One of the world’s most misunderstood creatures has a friend who has been promoting its importance for 18 years. Bat Conservation International (BCI) and its more than 14,000 members work to protect and restore bats and their habitats worldwide that, in part, involves teaching humans about the value of these winged allies in maintaining our ecosystem.
The group’s Web site focuses on the mammal’s positive features and dispels many of the rumors and superstitions surrounding these legendary creatures of the night.
Bat Conservation International
Site address: www.batcon.org
BCI, a nonprofit group in Austin, Texas. It owns and produces the site, which was created in 1993.
“We created this site to help educate users about bats and the mission of Bat Conservation International. The site is an information clearinghouse on all things bats, from educational products and amazing photographs to BCI project summaries and bat eco-tour opportunities. There is something for everyone,” says Bob Benson, public information manager of BCI.
Word from the Webwise:
A certain flying, furry mammal has gotten a bum rap thanks to Bram Stoker’s 1897 novel about Count Dracula, who transformed into a vampire bat. One of the first things I learned on the BCI site is vampire bats only live in Latin America, and they do not suck blood, but lap it up like a dog. And they never appear as Transylvanian aristocracy.
Under more relevant news, certain species of bats could assist in eradicating the West Nile virus threatening the eastern United States. For example, the little brown bat is indigenous to North America and enjoys a steady diet of insects one bat can devour up to 1,200 mosquitoes in an hour.
I found this interesting tidbit by exploring the “All About Bats” section, which features 14 areas of reference. Three areas stand out. First, “Bat Facts/Trivia” offers such nuggets as this: The world’s smallest mammal is the bumblebee bat of Thailand, which weighs less than a penny. Second, “FAQ About Bats” answers questions on everything from eating habits to life spans. Third, “Species Lists” presents an exhaustive roster of the nearly 1,000 species of bats in the world, most with pictures.
The BCI also uses lots of pages to describe its efforts to help bats, including current projects such as the North American Bat Conservation Partnership, which hopes to assist the 148 species of bats found in Mexico, the United States and Canada, or the $250,000 Great Lakes Bats and Mines Initiative, designed to protect hibernation sites of little brown and big brown bats by gating 20 mines.
Anyone looking for extra reading material should click on BATS magazine to find hundreds of articles ranging from “A Vacationer’s Guide to Bats,” to “Giving Flying Foxes a Second Chance,” to “Can Rain Forests Survive Without Bats?”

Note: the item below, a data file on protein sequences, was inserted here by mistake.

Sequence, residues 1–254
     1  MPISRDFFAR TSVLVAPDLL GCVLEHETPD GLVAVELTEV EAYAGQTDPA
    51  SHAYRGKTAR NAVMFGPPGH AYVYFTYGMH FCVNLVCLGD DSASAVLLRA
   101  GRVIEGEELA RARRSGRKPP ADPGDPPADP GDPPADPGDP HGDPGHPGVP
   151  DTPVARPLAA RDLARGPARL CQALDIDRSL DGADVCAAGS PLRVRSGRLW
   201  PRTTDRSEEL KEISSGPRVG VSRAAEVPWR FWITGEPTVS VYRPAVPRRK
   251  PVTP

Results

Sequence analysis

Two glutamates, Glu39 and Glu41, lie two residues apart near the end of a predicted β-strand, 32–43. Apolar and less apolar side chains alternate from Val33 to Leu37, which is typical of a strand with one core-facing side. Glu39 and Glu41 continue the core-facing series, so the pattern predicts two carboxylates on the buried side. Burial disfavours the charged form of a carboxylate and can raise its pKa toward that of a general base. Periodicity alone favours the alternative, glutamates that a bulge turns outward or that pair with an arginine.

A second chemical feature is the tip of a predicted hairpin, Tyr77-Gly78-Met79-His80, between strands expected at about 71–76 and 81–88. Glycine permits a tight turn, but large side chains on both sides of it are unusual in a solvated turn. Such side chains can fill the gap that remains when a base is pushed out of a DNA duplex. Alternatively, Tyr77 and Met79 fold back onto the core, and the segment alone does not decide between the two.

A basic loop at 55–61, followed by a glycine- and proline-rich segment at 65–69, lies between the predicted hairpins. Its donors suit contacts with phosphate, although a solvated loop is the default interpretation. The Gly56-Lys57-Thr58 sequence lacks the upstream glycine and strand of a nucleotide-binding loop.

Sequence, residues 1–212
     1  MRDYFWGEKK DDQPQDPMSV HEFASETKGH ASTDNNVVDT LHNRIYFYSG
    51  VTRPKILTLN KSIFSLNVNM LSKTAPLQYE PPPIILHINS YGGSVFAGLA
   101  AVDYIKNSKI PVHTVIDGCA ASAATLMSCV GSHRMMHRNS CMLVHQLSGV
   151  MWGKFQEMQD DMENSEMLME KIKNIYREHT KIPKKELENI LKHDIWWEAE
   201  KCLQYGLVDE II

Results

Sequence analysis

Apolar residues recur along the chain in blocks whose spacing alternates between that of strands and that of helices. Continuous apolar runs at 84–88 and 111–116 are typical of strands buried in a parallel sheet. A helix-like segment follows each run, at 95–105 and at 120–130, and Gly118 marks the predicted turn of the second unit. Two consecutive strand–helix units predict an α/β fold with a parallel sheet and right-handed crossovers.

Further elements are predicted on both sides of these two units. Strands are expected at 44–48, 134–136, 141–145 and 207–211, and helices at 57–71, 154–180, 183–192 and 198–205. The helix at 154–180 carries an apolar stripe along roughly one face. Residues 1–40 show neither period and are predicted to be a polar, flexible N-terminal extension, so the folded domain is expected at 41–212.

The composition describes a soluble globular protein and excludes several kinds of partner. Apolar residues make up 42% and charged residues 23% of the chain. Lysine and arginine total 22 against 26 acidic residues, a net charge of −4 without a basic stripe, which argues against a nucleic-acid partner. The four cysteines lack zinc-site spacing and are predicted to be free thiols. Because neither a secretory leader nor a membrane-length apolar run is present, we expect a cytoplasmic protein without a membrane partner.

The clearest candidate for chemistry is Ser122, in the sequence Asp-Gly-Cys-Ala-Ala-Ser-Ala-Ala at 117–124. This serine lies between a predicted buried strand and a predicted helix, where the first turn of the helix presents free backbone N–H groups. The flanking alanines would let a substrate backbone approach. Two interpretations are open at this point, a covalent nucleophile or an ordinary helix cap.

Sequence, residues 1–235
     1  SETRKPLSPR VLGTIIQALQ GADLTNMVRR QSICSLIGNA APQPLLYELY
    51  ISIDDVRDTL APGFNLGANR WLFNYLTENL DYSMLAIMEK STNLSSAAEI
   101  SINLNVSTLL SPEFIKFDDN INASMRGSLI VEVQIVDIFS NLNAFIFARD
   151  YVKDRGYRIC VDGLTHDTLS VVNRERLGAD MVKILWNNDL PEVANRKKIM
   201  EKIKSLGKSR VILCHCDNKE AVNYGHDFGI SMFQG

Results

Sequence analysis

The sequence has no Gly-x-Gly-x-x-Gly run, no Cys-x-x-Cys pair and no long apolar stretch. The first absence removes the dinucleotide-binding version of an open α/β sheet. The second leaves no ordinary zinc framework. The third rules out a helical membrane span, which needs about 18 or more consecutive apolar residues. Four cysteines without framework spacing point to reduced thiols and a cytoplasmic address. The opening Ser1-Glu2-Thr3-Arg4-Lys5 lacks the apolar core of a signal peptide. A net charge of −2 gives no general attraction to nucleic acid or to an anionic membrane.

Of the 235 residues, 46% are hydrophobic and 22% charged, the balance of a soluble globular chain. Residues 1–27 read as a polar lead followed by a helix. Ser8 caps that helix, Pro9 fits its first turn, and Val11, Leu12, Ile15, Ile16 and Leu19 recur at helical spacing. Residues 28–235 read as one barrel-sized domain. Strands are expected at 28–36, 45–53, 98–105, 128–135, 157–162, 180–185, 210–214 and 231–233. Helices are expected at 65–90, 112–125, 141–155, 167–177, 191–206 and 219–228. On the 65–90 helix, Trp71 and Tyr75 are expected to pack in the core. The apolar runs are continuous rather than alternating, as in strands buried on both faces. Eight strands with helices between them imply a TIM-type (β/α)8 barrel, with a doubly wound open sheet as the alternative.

Finally, visitors will find many ways to donate to BCI or join workshops and natural history tours on bat conservation presented all over the world.
Ease of use:
The site relies on nicely set up frames to relay the text and an incredible bunch of photos (check out the images from the “Founder’s Circle Expedition to South Africa, Botswana and Zambia” found under the “Trips and Workshops” section). Visitors will need standard audio plug-ins and a Real Media viewer (version 7) for some of the features. Overall, a quick-loading, well-laid-out site, but I expected more multimedia interaction to enjoy these elusive creatures.
Don’t miss: People rarely see bats, and hearing them can be even more difficult. Thanks to the BCI site, visitors can do both. Look to the “News Archive” and the release posted June 1 to find a video clip of the nighttime emergence of bats from the Bracken Cave in Texas. Next, stop by the “Echolocation Calls,” which offers sound files of a silver-haired bat’s feeding buzz, a Mexican free-tailed bat communication call and more feeding audio from a British noctule bat.
Family activity: It’s a bit too late in the year to construct a bat house, for which the site presents complete plans (sounds like a great project in the spring), so visitors should fly over to the “Educator’s Book” and perform an experiment on how bats’ senses of smell and hearing help them find their young. Participants in “Where’s My Baby?” act as mothers or offspring and use blindfolds and cotton balls dipped in various scents such as vinegar, perfume or vanilla to attempt to find each other.
Lots of pictures will keep youngsters petrified or fascinated for a limited amount of time. BCI exists on a steady diet of donations, so it does not give away too many things for free on the site. But if children go batty for the furry mammals, plenty of books can be ordered from the site or, better yet, for $15 parents can “adopt” a bat for their youngsters.
They can choose from seven varieties and get an 8-by-10-inch color photo, an adoption certificate, a letter from the bat, complete species information and a bumper sticker.
Family fun factor: 90 percent
Overall grade: B (for bats are beautiful)
Remember: The information on the Internet is constantly changing. Please verify the advice on the sites before you act to be sure it’s accurate and updated. Health sites, for example, should be discussed with your own physician. Have a cool site for the family? Write to Joseph Szadkowski at Webwise, The Washington Times, 3600 New York Ave. NE, Washington, D.C. 20002; call 202/636-3016; or send an e-mail message (firstname.lastname@example.org).